THEATER REVIEW | Maximum Verbosity’s “Tales from Wonderland”: Beware the jabberwock

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There’s one really great piece in Maximum Verbosity’s Tales from Wonderland at the new Phoenix Theater, and three others that are… not so great. One could be thankful that the really great piece, phillip andrew bennett low’s stage adaptation of Bruce Holland Rogers’ Lewis Carroll-infused short story “A Common Night,” is the piece that comes last, for they say if you end well, the audience will forgive you anything.  Well, almost anything. One could also, unfortunately, despair by intermission that Lewis Carroll would ever prove stage worthy. I, for one, fall in the grateful camp. I also wish there’d been more time to develop Tales from Wonderland in the vein of “A Common Night.” If more of the evening had been theater inspired by Carroll and less reader’s theater trying to recite Carroll, Tales from Wonderland might have been more successful.

“I teach poetry.”
“I’m not surprised. Poetry has a thing or two learn.”

Because “A Common Night” is brilliant stuff. Holland Rogers’ story is such a perfect fit for the wordsmithing style of low that I had to remind myself afterward by reading the program that it wasn’t low’s original work. It’s like the men are sharing the same brain. Kudos as well to low for not only writing and directing it but for turning in an impressive lead performance, too. He’s also to be commended for gathering a great team around him, from the actors with whom he shares the stage, to his backstage collaborators —Windy Bowlsby adding deliberately off-kilter choreography to the haunting off-key, aggressively dissonant ballad “Beautiful Dark” composed and music directed by Courtney McLean; and the vibrant and wacky costumes created by assistant director Elizabeth Byrd.

“Because I could not stop for toast,
Toast kindly stopped for me.”

Poetry professor Julian (low) must go from his students’ resistance to poems obsessed with death, to an emergency trip to the hospice to visit his unseen but ailing wife. Along the way he finds himself sidetracked into a darkly comic fantasia of oddities that would make Lewis Carroll and Alice In Wonderland proud. These include the not altogether welcoming tour guides in the form of candy stripers named Tweedledee (Kit Chambers) and Tweedledum (Missy Hildebrandt). This cheerful but menacing duo help orchestrate a lot of the strangeness that takes place in the corners of Julian’s mind. 

“Any time you’re ready you can reach out and grab my hand.”

If there were a Most Valuable Player award in the cast, you’d have to give it to Ryan Bergman. He gets handed a variety of roles throughout the production, several just in “A Common Night,” and he takes the opportunity and runs with it. You can’t really call it scene-stealing when he fits in so seamlessly with the rest of the cast, but nonetheless he’s a stand-out. He goes from the Gnat in conversation with Alice in a more direct Carroll translation to stage, “Looking-Glass Insects,” to one of Julian’s poetry students, to a series of playing cards being executed in a variety of moods by the evil candy stripers, to the personification of Death itself, all decked out in surgeon’s garb but in shades of gray and black (again, Byrd’s costuming here really takes things up a notch). Bergman’s fellow ensemble members in “A Common Night” all turn in strong work—Aery Austin-Elbaz, Tamara Koltes and Daniel Vopava, in addition to the previously mentioned nasty nurses.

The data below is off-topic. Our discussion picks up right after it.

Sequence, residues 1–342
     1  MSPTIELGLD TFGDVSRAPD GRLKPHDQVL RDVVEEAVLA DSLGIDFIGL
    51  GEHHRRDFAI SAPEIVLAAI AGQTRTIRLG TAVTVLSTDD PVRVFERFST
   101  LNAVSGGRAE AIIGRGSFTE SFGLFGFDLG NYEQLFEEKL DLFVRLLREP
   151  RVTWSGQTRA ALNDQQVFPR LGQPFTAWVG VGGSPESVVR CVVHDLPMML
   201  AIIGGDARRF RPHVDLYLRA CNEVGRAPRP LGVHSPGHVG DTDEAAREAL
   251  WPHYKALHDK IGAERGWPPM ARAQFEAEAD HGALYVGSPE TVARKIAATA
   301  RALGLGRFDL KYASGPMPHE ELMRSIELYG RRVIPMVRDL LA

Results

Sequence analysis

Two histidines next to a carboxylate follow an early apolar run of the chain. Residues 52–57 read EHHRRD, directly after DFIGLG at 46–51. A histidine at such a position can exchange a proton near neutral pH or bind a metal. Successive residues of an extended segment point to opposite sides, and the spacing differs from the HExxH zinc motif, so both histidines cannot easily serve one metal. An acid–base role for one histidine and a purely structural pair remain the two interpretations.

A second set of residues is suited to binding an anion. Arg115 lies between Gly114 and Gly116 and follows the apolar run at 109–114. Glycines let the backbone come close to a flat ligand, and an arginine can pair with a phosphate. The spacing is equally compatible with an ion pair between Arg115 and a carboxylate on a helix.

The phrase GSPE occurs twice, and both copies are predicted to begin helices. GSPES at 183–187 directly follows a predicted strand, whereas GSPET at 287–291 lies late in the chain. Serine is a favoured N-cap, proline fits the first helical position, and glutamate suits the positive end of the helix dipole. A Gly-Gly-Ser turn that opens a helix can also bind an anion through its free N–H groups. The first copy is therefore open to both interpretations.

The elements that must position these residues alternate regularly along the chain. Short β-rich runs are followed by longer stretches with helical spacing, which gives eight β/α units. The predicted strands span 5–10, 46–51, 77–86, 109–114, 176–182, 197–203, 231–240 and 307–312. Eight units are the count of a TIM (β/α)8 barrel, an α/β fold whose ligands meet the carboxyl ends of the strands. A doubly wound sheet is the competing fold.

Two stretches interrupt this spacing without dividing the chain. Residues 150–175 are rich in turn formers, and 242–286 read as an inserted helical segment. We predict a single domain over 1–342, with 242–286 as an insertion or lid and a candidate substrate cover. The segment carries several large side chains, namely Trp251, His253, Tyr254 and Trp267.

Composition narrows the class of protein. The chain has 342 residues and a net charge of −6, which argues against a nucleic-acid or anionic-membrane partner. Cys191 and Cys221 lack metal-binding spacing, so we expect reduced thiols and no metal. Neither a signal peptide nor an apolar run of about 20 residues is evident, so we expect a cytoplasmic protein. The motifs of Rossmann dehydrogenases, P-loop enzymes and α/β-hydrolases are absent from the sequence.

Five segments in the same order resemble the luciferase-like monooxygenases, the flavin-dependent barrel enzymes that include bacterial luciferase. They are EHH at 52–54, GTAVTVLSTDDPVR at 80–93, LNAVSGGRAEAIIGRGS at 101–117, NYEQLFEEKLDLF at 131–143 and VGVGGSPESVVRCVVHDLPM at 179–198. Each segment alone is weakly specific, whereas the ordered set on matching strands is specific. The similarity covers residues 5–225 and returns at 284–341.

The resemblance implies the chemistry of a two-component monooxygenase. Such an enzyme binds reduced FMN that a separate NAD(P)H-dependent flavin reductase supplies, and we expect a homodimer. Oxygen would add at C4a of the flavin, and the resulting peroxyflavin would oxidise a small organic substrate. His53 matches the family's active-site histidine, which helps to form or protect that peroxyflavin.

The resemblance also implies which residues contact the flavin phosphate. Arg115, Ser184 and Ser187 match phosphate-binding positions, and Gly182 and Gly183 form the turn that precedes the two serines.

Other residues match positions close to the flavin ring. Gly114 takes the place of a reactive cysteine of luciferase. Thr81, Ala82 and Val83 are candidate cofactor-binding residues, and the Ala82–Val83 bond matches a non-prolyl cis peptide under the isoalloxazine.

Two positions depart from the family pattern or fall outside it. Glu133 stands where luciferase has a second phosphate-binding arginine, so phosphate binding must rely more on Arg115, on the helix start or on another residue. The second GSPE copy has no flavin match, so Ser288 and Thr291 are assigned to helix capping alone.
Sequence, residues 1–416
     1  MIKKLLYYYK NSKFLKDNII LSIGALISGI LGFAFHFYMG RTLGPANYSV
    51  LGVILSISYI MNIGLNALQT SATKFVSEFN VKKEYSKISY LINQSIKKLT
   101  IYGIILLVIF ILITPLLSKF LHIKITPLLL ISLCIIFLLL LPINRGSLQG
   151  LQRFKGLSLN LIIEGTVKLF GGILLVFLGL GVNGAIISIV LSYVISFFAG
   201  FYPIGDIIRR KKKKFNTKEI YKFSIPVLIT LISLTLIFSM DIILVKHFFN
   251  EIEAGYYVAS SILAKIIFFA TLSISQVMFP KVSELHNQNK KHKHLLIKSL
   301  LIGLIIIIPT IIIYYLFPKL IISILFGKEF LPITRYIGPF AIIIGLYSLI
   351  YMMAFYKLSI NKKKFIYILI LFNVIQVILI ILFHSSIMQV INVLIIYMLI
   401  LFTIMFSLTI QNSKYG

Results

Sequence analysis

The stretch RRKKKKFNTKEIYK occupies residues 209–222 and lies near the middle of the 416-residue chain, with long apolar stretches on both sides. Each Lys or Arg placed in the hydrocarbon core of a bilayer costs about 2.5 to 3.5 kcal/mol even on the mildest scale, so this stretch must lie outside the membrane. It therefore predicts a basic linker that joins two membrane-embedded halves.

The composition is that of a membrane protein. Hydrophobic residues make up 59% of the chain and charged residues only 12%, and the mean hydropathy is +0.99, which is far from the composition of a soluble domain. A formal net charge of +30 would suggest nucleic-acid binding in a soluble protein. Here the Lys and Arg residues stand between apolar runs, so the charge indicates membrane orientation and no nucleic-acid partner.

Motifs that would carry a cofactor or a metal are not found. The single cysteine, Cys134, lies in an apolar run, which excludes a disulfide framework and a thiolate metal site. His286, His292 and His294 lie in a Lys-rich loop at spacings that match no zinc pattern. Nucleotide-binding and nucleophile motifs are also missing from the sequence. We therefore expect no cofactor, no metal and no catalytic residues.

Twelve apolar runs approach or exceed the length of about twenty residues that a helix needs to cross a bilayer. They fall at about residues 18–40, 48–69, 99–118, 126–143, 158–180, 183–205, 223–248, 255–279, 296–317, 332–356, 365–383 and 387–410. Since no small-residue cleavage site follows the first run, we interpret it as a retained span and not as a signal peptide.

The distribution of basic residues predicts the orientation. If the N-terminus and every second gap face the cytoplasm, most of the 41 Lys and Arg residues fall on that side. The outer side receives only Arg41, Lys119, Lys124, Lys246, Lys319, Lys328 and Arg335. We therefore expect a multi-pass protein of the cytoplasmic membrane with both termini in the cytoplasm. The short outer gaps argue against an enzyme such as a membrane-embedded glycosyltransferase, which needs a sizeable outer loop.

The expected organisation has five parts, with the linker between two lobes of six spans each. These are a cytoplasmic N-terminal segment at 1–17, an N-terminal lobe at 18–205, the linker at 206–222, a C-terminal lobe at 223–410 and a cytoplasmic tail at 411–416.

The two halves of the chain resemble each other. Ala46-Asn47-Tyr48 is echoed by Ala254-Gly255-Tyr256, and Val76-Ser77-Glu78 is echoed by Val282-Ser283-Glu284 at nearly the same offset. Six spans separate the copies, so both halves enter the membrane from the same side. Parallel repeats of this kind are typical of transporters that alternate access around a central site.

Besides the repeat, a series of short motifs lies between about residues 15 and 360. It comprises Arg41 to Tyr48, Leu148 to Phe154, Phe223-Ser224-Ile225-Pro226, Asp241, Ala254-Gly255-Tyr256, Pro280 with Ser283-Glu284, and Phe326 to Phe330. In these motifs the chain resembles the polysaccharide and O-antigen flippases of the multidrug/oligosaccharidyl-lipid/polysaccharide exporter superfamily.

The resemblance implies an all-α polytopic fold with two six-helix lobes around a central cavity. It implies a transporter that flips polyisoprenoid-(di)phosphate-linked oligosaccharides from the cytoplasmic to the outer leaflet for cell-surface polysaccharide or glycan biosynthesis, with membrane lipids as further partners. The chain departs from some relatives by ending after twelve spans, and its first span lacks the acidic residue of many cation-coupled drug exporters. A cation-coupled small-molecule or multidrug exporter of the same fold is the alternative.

“It’s not the fall that kills you. It’s the hard stop at the end.”

It’s in part because “A Common Night” at the end of the evening is SO good that you wonder how everything sort of went off the rails for the hour prior to that. In addition to the “Looking-Glass Insects” piece with Alice and the Gnat, there’s another Alice in Wonderland-style encounter at the beginning of the evening where Alice (Austin-Elbaz again) meets up with “Humpty Dumpty” (Vopava again). Title character Mr. Dumpty kicks off the night with the Jabberwock poem and then banters with Alice before taking his inevitable plunge off the wall. Both the egg and the gnat are clever enough, and Alice gives them a good foil, but the pieces never really feel like anything more than excerpts out of context. They don’t acquire a sense of having much of a beginning, middle and end of their own. Both bits are also directed and adapted by low, using actors who do good work later in “A Common Night,” so the fact that the whole thing doesn’t land better is perplexing.

“It’s a very provoking thing to be called an egg.”

Jenna Papke directs the staging of Carroll’s “The Hunting of the Snark” with a frosting of masks and Commedia dell’arte but despite the cast’s best efforts, the thing never really takes off.  It’s puzzling, because the Snark is a fun poem. It may just be that the unrelenting cadence of the thing is wholly resistant to staging in even a semi-realistic manner. It works on the page but not on its feet.

“Erect and sublime, for one moment of time.”

“A Common Night” by itself is worth the price of admission to Tales from Wonderland. (And their tickets are pay what you can, so you can decide the price of admission for yourself.) There’s just a lot of Lewis Carroll between the start of the evening and “A Common Night.” If that’s your thing, you’re in for a fine night. If you’re like me, you kind of want low to ditch Lewis Carroll and instead do a whole evening of channeling Bruce Holland Rogers channeling Lewis Carroll instead.

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